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What makes some students go abroad for exchange studies while others stay at their home institutions for the whole study period? Who are the mobile students? Do they have any particular characteristics compared with their non-mobile fellow students? What are the driving forces leading to international student mobility, and what prevents students from becoming exchange students abroad? These are some of the main questions addressed in a Nordic study on exchange mobility.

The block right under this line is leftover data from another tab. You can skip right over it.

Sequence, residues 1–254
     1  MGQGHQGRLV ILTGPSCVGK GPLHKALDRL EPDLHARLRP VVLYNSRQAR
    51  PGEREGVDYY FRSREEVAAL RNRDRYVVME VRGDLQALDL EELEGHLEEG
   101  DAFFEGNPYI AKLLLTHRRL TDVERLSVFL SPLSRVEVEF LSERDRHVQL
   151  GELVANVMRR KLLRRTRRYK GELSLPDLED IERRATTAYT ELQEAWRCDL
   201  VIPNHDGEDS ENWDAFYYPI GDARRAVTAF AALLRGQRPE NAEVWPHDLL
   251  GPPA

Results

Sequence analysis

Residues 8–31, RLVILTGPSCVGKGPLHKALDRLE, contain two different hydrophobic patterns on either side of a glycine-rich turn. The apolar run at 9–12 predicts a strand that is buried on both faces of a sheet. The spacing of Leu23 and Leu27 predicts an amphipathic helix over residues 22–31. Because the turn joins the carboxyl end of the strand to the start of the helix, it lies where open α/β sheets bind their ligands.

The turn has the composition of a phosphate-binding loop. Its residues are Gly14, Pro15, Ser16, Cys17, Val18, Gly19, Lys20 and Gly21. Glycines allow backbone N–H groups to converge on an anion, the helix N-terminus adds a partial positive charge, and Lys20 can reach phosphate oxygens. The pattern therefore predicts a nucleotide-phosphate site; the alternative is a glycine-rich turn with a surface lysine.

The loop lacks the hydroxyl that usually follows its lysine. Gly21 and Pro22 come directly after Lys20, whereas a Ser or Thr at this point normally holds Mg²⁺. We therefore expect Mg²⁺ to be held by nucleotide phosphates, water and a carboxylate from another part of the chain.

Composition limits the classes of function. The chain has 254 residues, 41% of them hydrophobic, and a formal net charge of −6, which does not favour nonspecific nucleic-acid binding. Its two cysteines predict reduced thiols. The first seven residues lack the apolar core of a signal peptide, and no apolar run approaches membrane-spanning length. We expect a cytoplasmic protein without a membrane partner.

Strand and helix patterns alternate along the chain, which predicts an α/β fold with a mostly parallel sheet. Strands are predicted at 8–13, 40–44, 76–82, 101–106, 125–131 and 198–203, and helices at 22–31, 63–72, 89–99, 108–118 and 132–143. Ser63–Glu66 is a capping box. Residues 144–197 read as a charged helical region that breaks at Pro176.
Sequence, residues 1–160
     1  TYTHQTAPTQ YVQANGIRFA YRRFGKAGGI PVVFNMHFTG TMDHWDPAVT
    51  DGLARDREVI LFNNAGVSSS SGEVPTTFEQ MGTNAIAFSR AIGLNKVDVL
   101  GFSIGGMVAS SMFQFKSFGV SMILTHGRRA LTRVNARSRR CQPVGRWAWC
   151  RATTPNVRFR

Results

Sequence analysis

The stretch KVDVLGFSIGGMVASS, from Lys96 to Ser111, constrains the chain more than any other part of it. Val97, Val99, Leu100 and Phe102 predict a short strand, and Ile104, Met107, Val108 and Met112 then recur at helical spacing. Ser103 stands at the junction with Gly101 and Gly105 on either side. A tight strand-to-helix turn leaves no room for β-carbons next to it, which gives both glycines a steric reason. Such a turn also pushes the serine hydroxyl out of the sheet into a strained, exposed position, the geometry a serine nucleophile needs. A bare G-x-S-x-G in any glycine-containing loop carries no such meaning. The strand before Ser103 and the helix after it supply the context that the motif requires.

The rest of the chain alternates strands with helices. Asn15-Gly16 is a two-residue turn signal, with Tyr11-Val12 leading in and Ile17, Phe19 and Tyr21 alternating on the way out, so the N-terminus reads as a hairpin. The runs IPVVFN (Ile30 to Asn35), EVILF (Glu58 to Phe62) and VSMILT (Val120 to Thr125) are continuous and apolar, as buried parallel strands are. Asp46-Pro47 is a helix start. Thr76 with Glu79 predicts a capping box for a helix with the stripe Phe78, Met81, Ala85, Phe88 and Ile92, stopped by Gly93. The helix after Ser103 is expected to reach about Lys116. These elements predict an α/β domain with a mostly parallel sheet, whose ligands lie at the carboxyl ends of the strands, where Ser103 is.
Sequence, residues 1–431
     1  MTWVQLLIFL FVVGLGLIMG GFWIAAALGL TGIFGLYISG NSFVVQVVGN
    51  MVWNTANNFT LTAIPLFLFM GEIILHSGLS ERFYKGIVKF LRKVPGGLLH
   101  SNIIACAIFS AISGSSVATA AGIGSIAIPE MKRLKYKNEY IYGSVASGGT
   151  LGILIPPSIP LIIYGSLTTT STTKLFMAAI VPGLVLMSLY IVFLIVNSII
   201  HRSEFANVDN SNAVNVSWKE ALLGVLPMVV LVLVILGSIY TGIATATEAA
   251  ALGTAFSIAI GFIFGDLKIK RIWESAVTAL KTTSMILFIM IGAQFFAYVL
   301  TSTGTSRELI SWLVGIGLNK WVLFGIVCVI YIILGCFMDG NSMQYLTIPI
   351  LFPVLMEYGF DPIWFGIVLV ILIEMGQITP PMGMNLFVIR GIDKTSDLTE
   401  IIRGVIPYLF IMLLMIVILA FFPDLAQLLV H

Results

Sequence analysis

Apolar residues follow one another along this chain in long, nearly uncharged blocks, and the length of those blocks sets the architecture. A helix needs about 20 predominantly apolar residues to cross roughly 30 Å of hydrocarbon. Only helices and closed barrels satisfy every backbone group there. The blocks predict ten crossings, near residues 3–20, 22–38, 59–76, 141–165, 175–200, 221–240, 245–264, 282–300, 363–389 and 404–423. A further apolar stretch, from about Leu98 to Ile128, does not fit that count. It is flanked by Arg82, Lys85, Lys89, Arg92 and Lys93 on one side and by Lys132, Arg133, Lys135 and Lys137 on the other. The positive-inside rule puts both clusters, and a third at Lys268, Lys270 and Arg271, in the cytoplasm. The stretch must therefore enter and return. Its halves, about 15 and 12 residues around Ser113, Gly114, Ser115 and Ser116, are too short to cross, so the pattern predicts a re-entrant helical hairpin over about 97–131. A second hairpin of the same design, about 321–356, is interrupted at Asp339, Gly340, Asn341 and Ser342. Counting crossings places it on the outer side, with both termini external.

The report is the result of a cooperation project by the Centre for International Mobility (CIMO) in Finland, the Norwegian Centre for international Cooperation in Education (SIU) and the Swedish Council for Higher Education (UHR). The three offices are national agencies for the Lifelong Learning Programme in their respective countries, and they have the common task of promoting internationalisation in education, including student mobility. The cooperation project aims to provide comparable data from Finland, Norway and Sweden to increase the understanding of the driving forces of student mobility.